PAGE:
They turn the light off, and its white globe glows
an instant and then dissolves, like a tablet
in a glass of darkness. Then a rising.
The hotel walls shoot up into heaven’s darkness.

Their movements have grown softer, and they sleep,
but their most secret thoughts begin to meet
like two colors that meet and run together
on the wet paper in a schoolboy’s painting.

It is dark and silent. The city however has come nearer
tonight. With its windows turned off. Houses have come.
They stand packed and waiting very near,
a mob of people with blank faces.

Monday, 3 October 2011

The Cloud Corporation

  It's not that often I get excited about a contemporary volume but here comes Tim Donnelly's The Cloud Corporation (Picador) to replenish our sense of what's possible once again. It's a style I seem to have been waiting for for a long time: an American poet who's actually been able to utilise and build on the rich, distinctive resources inherent in the achievements of Wallace Stevens. There's a good deal of Stevens in Ashbery, of course; and Ashbery seems to be Donnelly's second major influence, though tellingly what he takes from Ashbery is less the disjunctive, skittish manner of The Tennis -Court Oath than the more sentence-lead, meditative poetry of Self-Portrait in a Convex Mirror.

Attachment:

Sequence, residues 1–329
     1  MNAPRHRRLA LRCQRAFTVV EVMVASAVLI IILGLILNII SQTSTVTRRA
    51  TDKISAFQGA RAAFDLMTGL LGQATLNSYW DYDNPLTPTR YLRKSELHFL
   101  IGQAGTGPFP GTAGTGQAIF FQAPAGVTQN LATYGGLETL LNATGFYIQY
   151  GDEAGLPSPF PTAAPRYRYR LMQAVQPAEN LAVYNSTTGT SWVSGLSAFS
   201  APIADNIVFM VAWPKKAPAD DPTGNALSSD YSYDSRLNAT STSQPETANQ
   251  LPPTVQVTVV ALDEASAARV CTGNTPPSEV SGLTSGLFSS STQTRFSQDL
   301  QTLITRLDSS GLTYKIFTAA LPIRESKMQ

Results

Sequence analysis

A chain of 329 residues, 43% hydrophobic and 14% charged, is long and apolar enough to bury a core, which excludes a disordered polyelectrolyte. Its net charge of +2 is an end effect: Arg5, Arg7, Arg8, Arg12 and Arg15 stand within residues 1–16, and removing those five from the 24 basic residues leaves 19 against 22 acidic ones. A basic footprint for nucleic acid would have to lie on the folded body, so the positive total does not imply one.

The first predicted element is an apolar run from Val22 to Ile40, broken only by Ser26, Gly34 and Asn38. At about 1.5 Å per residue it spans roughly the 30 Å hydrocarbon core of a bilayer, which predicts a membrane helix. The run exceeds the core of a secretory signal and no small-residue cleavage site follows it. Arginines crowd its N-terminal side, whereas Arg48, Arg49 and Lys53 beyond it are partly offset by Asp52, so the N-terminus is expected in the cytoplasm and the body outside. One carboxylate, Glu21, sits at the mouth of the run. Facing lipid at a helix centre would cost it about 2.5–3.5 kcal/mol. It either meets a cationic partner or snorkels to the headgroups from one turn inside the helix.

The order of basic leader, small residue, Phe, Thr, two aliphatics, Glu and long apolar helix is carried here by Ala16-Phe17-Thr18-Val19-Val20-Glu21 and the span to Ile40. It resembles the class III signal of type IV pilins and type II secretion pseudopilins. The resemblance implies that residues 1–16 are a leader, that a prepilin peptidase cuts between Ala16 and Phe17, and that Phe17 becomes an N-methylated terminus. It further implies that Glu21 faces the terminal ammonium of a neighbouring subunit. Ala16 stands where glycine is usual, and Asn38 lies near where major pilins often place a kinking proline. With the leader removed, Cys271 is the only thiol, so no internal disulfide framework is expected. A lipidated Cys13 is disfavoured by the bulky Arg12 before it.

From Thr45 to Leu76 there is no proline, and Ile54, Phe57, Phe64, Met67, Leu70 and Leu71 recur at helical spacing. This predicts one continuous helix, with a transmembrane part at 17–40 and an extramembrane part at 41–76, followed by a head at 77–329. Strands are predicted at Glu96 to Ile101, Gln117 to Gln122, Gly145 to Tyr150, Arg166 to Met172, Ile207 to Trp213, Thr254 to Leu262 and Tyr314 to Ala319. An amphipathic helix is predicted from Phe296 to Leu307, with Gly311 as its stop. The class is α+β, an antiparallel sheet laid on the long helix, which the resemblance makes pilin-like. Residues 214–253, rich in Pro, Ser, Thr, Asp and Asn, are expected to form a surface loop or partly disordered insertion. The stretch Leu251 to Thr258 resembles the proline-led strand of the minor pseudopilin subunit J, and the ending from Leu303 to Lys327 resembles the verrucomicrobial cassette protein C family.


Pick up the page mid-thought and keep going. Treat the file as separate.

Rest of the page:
Stevens is immediately evident in the beautifully elaborate titles Donnelly gives many of his poems - 'Partial Inventory of Air-borne Debris', 'The Last Dream of Light Released from Seaports', 'Team of Fake Deities Arranged On An Orange Plate' - whereas 'The Malady That Took the Place of Thinking' is clearly a play on Stevens' 'The Poem That Took the Place of a Mountain' (with a possible further nod to the line "The malady of the quotidian..." from 'The Man Whose Pharynx Was Bad'). The sequence of poems which gives The Cloud Corporation its title seems intimately related to Stevens' great modulation-piece 'Sea-Surface Full of Clouds' in the way its three-line sections spiral off from a repeating phrase - "The clouds part revealing..." ( and to acknowledge this reference, in the final section we find " and warm, saturated air on the sea-surface rising".) Donnelly also frequently favours an "essential gaudiness" of diction and sound which - albeit more wryly deployed than in Stevens - works towards a playful undermining of the poetry's abstract leanings - rather like the "counter-eloquence" Montale spoke of aspiring to.
   There's also something very interesting in the way Donnelly handles syntax, as he straddles his long sentences over lines that seem too short to contain them, almost as though he's thinking in terms of the extended, groping, musing, tentacular "sentence-sounds" of a Whitman or CK Williams but wants to abut it against the formal restraint and shapeliness of a shorter line and stanzaic patternings. The effects can be - as you can see here - extremely beautiful:
   " To notice wind incite the branches to interact in a manner
      mistakable for happiness when happiness has stopped

     seeming so implausible.Just to see the gold bolt through air
     is explanation enough, a knowledge that opens itself up
     without ending, an end in itself without having to conclude.
     Just to breathe on purpose is an act of faith in this world."
                                                                   ('Explanation Of An Oriole')